The multiworld hypothesis basically says that the universe splits with every quantum interaction, and you move forwards into all of the results with a probability density that reflects the probability of the quantum events involved. At the high level that we interact with things that translates into "an honest die has a 1/6 chance of coming up with a 6". So it's one of the useful interpretations. And the Copenhagen interpretation basically says "Shut up and calculate. No explanation is possible.". Most working physicists prefer the Copenhagen interpretation, because it makes things simpler (without changing the math). There are others. Look up "implicate order" for example.

Comment Re:Wait, physics doesn't work either? (Score 1) 205

I'm not sure I consider those replications, as they are all using the same equipment, and if there were a systematic problem, then there might well be a systematic effect.

OTOH, this is, essentially, a replication of experiments done previously, with a couple of added features, and it's results are consistent with those prior experiments. *THAT* I do consider a replication.

Given the nature of publishing, the study that confirms this one will also need to have some changes. It shouldn't be that way, but journals won't print *mere* replications, you've got to have some extension.

Comment Re:Comparison? (Score 1) 251

Not absolutely not true, but overstated version of an actual effect.

If the new drug is a combination of two drugs that have previously been approved, the testing required is quite minimal. AND it's deemed worthy of a brand new patent. Witness all the combination drugs that used to come as a mixture of aspirin and something, but are not either acetaminophen and something or ibuprofen and something. The trick is to time things so that you introduce the new drug slightly before the patent runs out on the old drug, and then you remove the old drug from the market, so nobody can buy it anymore (and yet, no competitor can make it). This really annoys me because acetaminophen does me almost no good.

Comment Re:Comparison? (Score 1) 251

If you place CS under business administration, don't be surprised if the results are flakey. Usually, however, CS is placed under Math, and occasionally under Electrical Engineering. Those CS departments usually do a good job and produce real results.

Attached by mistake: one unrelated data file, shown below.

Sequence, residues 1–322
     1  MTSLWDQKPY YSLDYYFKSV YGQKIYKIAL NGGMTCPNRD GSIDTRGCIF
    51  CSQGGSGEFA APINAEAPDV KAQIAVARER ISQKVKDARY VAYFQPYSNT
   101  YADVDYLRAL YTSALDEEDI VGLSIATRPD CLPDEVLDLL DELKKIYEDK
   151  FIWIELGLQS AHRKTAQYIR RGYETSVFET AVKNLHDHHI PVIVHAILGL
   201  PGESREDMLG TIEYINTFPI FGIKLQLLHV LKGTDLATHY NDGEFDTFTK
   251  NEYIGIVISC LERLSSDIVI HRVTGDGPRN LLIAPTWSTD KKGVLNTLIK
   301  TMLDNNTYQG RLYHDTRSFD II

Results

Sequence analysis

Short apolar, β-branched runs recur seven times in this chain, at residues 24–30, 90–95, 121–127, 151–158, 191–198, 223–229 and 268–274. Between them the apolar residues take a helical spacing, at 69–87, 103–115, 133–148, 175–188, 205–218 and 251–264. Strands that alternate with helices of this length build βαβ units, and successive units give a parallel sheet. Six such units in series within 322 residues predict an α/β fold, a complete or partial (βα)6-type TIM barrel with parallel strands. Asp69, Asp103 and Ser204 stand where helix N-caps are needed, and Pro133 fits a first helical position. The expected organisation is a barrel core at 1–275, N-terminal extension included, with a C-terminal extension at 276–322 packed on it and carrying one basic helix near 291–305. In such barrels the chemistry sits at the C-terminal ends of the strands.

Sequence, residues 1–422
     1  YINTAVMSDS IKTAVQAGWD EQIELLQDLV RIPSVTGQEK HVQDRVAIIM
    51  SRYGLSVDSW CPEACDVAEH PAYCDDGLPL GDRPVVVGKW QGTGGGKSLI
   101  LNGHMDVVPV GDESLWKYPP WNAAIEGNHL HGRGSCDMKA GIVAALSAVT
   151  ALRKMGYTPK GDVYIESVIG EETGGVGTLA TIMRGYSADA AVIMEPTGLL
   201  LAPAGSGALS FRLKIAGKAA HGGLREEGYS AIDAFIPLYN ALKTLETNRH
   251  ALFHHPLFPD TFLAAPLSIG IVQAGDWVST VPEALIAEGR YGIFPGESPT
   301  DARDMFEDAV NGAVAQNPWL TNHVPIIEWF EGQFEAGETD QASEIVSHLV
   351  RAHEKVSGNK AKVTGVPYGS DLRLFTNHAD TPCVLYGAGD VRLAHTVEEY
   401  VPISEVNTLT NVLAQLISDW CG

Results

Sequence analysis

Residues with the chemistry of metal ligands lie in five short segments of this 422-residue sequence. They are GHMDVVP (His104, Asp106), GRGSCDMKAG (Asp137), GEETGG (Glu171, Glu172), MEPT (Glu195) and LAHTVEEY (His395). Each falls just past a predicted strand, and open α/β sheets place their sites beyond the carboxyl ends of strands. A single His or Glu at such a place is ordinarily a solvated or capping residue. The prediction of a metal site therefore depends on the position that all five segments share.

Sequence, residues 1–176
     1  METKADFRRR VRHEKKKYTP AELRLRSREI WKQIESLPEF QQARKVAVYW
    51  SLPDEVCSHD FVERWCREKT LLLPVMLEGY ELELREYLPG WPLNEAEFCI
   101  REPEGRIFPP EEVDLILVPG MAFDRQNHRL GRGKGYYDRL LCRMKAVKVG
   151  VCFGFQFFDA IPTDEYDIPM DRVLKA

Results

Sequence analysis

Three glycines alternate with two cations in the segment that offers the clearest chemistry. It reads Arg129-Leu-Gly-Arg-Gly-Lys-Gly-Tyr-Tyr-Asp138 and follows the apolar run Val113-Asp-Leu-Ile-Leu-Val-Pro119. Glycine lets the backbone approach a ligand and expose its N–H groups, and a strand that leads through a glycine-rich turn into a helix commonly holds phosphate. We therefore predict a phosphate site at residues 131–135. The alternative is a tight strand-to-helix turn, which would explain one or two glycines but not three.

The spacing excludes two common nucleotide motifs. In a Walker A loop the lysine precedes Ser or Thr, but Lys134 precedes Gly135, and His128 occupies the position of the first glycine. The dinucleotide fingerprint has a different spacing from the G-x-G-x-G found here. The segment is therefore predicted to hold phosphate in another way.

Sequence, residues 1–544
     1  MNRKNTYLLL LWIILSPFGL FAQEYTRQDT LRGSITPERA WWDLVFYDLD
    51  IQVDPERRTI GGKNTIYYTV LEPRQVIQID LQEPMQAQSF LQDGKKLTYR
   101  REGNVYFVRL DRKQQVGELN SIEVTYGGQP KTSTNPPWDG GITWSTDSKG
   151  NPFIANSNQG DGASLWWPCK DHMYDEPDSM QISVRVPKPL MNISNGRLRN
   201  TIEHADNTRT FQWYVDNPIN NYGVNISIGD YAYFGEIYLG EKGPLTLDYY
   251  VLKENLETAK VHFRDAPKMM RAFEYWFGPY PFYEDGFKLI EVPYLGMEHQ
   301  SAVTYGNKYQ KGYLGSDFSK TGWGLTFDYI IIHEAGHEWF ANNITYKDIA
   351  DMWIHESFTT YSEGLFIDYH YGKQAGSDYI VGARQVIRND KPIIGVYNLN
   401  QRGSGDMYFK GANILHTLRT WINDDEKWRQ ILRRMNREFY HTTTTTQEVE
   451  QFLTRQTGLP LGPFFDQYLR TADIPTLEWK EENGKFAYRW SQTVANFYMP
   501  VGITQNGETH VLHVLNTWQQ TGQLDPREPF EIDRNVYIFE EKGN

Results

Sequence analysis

If you place CS under the school of business, blame the school, not the discipline, for the results you get.

Comment Re:Comparison? (Score 1) 251

There are different kinds of experiment on groups with different definitions. Sometimes (usually) it is appropriate to view the results as only applicable to some "cohort" (meaning 2). The question is "how broad is that cohort?".
coÂhort ËkÅËOEhÃrt/ noun
noun: cohort; plural noun: cohorts
        1. an ancient Roman military unit, comprising six centuries, equal to one tenth of a legion.
        synonyms: unit, force, corps, division, brigade, battalion, regiment, squadron, company, troop, contingent, legion, phalanx
        "a Roman army cohort"
        2. a group of people banded together or treated as a group.
        "a cohort of civil servants patiently drafting legislation"

Comment Re:Priorities (Score 1) 84

Some hams who were present to aid communication with families outside the area reported that their antennas were destroyed without reasonable explanation. So one may guess that aiding communication was not their priority. Also, IIRC, some doctors were shot at by law enforcement while attempting to provide medical assistance, so that probably wasn't their priority either.